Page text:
NUTRITION

  • The study of the nutrients in foods and of the body’s handling of them.  This includes ingestion, digestion, absorption, transport, metabolism, interaction, storage, and excretion.

FOOD

  • Material containing nutrients taken into the body for the maintenance of life and the growth and repair of tissues.

NUTRIENTS

  • Substances obtained from food and used in the body to provide energy and structural materials and to regulate growth, maintenance, and repair of the body’s tissues.

SIX CLASSES OF NUTRIENTS

  • CARBOHYDRATES
  • FATS
  • PROTEIN
  • VITAMINS
  • MINERALS
  • WATER

ESSENTIAL NUTRIENTS

  • Those nutrients a person must obtain from food because the body cannot make them for itself in sufficient quantity to meet physiological needs

Examples:

ENERGY

  • The capacity to do work
  • In food: chemical energy
  • Units: calorie

Kilocalorie – amount of heat necessary to raise the temperature of 1 kg of

water 1oC

-1 kcal = 1000 calories

Joule – the amount of energy expended when 1 kg is moved 1 m by force

-work energy

Kilojoule – international unit of energy

  • 1 g CHO = 4 kcal              1 g Protein = 4 kcal                 1 g Fat = 9 kcal

A PERSON’S DIET SHOULD CONTAIN A RELATIVE BALANCE OF CHO, FAT, AND PROTEIN:

  • CHO: 55 TO 60%
  • FAT: NO MORE THAN 30% (<10% SATURATED)
  • PROTEIN: 10 TO 15%

NUTRITION RECOMMENDATIONS FOR CANADIANS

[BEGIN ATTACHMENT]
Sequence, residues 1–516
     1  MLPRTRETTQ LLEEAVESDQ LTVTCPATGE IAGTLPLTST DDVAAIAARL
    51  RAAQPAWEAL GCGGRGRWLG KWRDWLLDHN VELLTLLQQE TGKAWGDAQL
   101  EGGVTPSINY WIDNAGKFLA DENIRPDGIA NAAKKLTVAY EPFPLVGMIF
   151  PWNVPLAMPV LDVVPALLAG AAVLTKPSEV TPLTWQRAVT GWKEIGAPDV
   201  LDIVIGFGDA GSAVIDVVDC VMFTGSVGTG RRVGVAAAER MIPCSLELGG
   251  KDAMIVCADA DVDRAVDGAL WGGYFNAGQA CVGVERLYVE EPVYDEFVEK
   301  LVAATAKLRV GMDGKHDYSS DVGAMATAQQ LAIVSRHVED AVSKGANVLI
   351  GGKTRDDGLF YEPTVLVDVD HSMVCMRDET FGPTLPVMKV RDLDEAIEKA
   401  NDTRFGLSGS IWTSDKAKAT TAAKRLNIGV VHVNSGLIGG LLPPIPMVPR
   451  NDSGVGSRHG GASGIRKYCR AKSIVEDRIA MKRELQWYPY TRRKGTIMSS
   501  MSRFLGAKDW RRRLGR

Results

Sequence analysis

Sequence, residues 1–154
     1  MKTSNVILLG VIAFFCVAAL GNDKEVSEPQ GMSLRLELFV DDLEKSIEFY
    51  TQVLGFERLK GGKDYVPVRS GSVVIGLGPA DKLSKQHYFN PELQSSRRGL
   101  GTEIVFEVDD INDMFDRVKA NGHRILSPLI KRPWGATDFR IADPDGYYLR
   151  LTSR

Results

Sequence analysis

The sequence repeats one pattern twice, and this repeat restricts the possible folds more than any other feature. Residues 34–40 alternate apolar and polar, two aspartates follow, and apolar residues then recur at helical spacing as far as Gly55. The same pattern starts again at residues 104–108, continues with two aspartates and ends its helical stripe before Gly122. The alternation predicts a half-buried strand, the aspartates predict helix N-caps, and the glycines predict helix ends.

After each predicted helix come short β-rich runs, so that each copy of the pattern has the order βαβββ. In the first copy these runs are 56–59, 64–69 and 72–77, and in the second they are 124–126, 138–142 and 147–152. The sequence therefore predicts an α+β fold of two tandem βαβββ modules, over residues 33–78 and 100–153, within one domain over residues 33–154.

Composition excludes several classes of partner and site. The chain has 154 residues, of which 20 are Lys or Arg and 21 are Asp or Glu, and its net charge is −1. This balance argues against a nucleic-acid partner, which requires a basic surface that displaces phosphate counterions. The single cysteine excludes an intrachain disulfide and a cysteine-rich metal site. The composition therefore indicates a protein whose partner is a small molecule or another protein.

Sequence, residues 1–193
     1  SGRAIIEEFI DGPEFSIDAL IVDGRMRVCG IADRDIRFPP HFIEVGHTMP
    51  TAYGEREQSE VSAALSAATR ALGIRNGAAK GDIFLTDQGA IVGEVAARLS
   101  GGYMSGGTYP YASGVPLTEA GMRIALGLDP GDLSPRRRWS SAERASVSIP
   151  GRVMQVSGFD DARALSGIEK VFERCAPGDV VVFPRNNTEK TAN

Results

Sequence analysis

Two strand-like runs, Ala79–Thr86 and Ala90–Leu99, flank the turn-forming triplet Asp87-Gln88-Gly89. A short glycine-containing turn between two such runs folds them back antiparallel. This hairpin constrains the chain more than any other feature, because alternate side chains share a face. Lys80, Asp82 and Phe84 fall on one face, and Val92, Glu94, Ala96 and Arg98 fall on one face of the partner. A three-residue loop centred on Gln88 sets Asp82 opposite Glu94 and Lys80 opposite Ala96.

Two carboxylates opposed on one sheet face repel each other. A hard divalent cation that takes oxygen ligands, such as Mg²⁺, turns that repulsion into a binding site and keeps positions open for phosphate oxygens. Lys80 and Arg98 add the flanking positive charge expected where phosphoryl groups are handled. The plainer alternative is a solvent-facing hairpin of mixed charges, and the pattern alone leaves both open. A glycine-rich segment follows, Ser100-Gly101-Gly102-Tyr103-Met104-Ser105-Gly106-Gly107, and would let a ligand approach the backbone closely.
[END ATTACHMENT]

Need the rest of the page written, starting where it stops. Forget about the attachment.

RNI – RECOMMENDED NUTRIENT INTAKES:

  • The Canadian diet should provide energy consistent with the maintenance of body weight within the recommended range.
  • The Canadian diet should include essential nutrients in amounts recommended.
  • The Canadian diet should include no more than 30% of energy as fat (33 g/1000 kcal or 39 g/5000 kJ) and no more than 10% as saturated fat (11g/1000 kcal or 13 g/5000 kJ)
  • The Canadian diet should provide 55% of energy as carbohydrate (138 g/1000 kcal or 165 g/5000 kJ) from a variety of sources.
  • The sodium content of the Canadian diet should be reduced.
  • The Canadian diet should include no more than 5% of total energy as alcohol, or two drinks daily, whichever is less.
  • The Canadian diet should contain no more caffeine than the equivalent of four regular cups of coffee per day.
  • Community water supplies containing less than 1 mg/L should be fluoridated to that level.

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